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Is This The New Ducati Monster Or A Funky Brutale?


Where are the iconic Monster elements?

  • The Monster now gets the 937cc motor from the SuperSport 950 and Multistrada 950.
  • Ditches the trellis frame for a monocoque construction inspired from the Panigale series
  • It is now 18kg lighter!
  • Expect it to be priced at around Rs 13 lakh for the standard model.

No exposed tubular steel trellis frame, no round chunky tank and not even a proper circular headlamp -- it just feels weird to see the new Ducati Monster. But 2020 has been pretty much weird from the start, so who can blame Ducati if it redefined the classic Monster elements to give us a naked motorcycle that is similar to its Varese cousins.

This feeling that it is more of a MV Agusta Brutale and not a Monster stems from the new not-so-circular-but-diamond-like headlight. The shape is unmistakably MV Agusta, although the actual headlight bits, which are LED, don’t quite look the same as the Brutale. There’s a lot of muscle toning of the fuel tank, undergoing a transformation from its earlier chubby state. The tail, now made out of Glass Fibre Reinforced Polymer and not steel, is sleek and minimalistic.

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Ducati has worked a lot on improving the rider’s triangle on this new Monster. From the 821, the handlebar is pulled closer to the rider by 70mm. This combined with extra degrees of steering lock and a not so constricted lower body posture should make city riding a breezy affair. Ducati claims that the lofty 820mm seat height should not bother most riders as the bike has a very slim midsection, helping out even the vertically challenged rider in flat footing this middleweight naked.

This slimness has been achieved by ditching the trellis frame (Sob!) for a Panigale V4-derived aluminium monocoque front frame, bolted directly onto the engine. Aside from the benefit of being a slimmer unit, the front frame weighs just 3 kilos, saving 4.5kg over the old trellis of the 821. The weight saving business doesn’t end there. The GFRP tail helps in shedding 1.9kg, the wheels and swingarm combined weigh 3.5kg less, and the 937cc engine is 2.4kg lighter. As a whole, the new Monster is 18kg lighter than the 821 sans fluid, which at 166kg is joint lightest in the class with the KTM 890 Duke R and the Triumph Street Triple RS.

Also Read: Ducati’s Raised Temperature Smouldering Hot Sports Models

In the past couple of years, the 821 motor seemed a bit too bland for the Monster name. And with the competition getting stronger and either going mental or more sophisticated, team Bologna had to do something. Thus, by opting for the same 937cc Testastretta 11 DVT L-twin as the SuperSport 950 and the Multistrada 950, the new Monster does finally have an engine befitting the name plus the right balance between being maniac and sophistication.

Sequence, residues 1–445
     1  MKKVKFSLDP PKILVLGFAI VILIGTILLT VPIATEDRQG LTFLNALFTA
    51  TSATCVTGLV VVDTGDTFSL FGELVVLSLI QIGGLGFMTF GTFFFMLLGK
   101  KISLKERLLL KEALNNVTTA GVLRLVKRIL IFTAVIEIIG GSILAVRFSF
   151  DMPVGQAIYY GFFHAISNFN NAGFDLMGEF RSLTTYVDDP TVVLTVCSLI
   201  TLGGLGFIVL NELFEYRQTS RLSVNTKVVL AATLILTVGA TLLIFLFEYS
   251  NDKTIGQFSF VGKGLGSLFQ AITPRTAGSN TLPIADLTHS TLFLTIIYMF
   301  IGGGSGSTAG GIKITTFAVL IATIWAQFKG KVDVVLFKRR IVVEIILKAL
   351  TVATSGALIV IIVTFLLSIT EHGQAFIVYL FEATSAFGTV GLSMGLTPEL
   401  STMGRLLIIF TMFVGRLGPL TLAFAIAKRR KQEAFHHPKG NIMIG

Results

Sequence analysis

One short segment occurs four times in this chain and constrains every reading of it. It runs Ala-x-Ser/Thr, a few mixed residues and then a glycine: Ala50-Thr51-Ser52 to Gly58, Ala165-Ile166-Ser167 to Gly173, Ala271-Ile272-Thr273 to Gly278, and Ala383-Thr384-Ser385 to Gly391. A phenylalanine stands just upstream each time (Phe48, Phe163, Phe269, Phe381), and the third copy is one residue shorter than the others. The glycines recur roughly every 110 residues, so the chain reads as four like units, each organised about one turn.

More power on tap is always welcome, the new engine putting out 111.5PS at 9,250rpm, 2.8PS more than the old 821. What riders will appreciate more is the added torque benefits. 93Nm at just 6,500rpm is not only 7Nm more than the before but also produced at a thousand revs lower, giving it a better spread of performance. These are good numbers for the class, capable enough to compete with the Duke and the ’Triple.

One can hardly ask for more rider aids from the Monster than what Ducati has already equipped it with. Hydraulic slip and assist clutch (with a Brembo radial master cylinder for better control, might we add), lean-sensitive traction control and ABS, three riding modes (Urban, Touring and Sport), Wheelie Control EVO, Launch Control EVO and a bi-directional quickshifter are to be found on the bike.

No fully-adjustable suspension here on the Monster. The 43mm USD fork and preload-adjustable monoshock handle the suspension duties here. Brembo braking hardware is found on the bike. The use of the M4.32 monoblocs is a bit of a downer. The same units might be present on the Street Triple R but given that this Monster would be priced above the Triple RS, having the more superior M50s would have improved its case. It does get a front Brembo radial master cylinder though, which is also found on the Triple RS and not on the R. Lastly, Pirelli Diablo Rosso 3 tyres are the ideal choice of rubber for Indian road conditions. The Supercorsas might have the edge on grip, but they aren’t as wet-weather friendly, will not last as long and will be significantly pricier than the Rosso 3s.

Ducati also offers the Monster in a Plus variant, which is nothing but the addition of a front visor and a seat cowl. Both the Monster and the Monster Plus are available in three colours: Ducati Red, Dark Stealth and Aviator Grey, the latter being our choice as it comes with GP Red wheels. There’s tonnes of customisation on offer, Ducati even providing vinyl kits suit the buyer’s tastes.

Also Read: Ducati Multistrada V4 Breaks Cover

The Monster is the Italian brand’s highest selling product ever and this new model, while redefining traditional Monster elements, is set to offer an equally exciting riding experience that the series is known for. That said, the pricing for the Monster could be around Rs 13 lakh for the standard variant and the Plus could bear a premium of around Rs 1 lakh more. That is certainly going to be a big hurdle for many naked enthusiasts as the likes of the Triumph Street Triples and the BMW F 900 R are priced significantly lower. And whenever KTM India does decide to bring in the 890, it will still not be as dearly priced. But will Italian flair trump British sophistication, German excellence and Austrian craziness? We just cannot wait for 2021 to arrive.

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